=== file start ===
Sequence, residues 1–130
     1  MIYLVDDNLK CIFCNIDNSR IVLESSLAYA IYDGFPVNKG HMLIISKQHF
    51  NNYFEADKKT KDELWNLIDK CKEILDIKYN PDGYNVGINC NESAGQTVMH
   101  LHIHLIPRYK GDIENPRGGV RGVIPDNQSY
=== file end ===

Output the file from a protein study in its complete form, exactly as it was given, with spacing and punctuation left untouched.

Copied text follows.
Sequence, residues 1–130
     1  MIYLVDDNLK CIFCNIDNSR IVLESSLAYA IYDGFPVNKG HMLIISKQHF
    51  NNYFEADKKT KDELWNLIDK CKEILDIKYN PDGYNVGINC NESAGQTVMH
   101  LHIHLIPRYK GDIENPRGGV RGVIPDNQSY